On Thursday, June 29, 2023, Gizmodo reported that Revolving Door Project, a watchdog group, has called for the recusal of U.S. District Judge Jacqueline Scott Corley, citing a potential conflict of interest due to her son’s employment at Microsoft, in relation to the ongoing legal battle surrounding Microsoft’s bid to acquire Activision Blizzard.
During a pre-hearing conference, Judge Corley revealed that her son is employed by Microsoft, albeit outside of the gaming division. The Revolving Door Project argues that despite this distinction, the proximity between the judge and the company still poses a clear conflict of interest. They claim that his situation may violate the Code of Conduct for US Judges, which advises judges to avoid impropriety and the appearance of impropriety in all activities.
In a letter obtained by The Washington Post, The Revolving Door Project expressed concerns that Judge Corley’s objectivity might be compromised due to her desire to support her son’s employer. They argue that this potential bias could undermine public trust in the courts and raise doubts about the fairness of the decision-making process.
“It is common sense that a parent would want to support the financial success of their child’s employer in order to support their child’s financial stability and professional prestige,” The Revolving Dorr Project wrote.
The Activision Blizzard-Microsoft merger case has attracted attention beyond the United States. The United Kingdom’s Competition and Markets Authority rejected the deal, expressing concerns that it would reduce options for gamers. In contrast, the European Commission approved the merger following an investigation. These varying perspectives highlight the complexity of evaluating the potential impact of the merger on competition and consumer choice.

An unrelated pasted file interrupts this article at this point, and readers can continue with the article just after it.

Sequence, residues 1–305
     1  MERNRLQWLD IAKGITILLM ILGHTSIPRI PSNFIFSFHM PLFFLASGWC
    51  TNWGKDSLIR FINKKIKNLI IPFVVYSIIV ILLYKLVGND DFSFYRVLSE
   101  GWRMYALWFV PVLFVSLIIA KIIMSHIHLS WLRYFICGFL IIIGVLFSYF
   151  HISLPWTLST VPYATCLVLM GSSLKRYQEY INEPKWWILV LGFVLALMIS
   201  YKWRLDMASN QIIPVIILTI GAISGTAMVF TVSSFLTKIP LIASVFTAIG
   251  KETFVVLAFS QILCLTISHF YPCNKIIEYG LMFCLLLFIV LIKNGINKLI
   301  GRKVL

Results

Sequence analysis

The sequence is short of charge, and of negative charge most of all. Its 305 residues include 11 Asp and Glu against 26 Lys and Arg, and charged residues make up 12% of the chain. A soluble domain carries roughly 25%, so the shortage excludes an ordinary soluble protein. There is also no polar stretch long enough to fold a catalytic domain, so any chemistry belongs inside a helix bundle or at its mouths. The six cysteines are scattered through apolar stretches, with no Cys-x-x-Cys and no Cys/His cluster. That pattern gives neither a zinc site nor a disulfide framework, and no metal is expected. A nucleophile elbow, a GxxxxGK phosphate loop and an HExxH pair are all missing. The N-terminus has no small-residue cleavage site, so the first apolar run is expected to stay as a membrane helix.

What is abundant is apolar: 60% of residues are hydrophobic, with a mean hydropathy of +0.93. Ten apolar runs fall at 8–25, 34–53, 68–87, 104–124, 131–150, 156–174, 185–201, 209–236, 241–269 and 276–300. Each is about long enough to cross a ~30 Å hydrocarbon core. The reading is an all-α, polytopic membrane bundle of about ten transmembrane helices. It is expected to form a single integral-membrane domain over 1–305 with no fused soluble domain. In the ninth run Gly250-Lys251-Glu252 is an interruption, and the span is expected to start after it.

The Revolving Door Project contends that the judge’s son’s employment at Microsoft introduces a risk of retaliation against him if Microsoft faces an unfavorable outcome. They suggest that Microsoft could potentially fire Corley’s son or create corporate obstacles that hinder his career progression. The watchdog group points to recent layoffs at Microsoft as evidence that the company could use such measures as a means of retribution. The mere possibility of these actions could create a “crisis of incentives” and further complicate the case.
As the case progresses, it will be crucial to closely monitor the judge’s decision and its potential repercussions on the outcome of the merger and public trust in the judiciary system.
Judge Corley and The Northwest District of California did not respond to Gizmodo’s request for comment.
Corley currently oversees the arguments regarding the Federal Trade Commission’s (FTC) request to temporarily halt the merger until a trial is set for August. If Corley decides against granting the FTC’s request, the deal could be closed ahead of the looming July 18 deadline.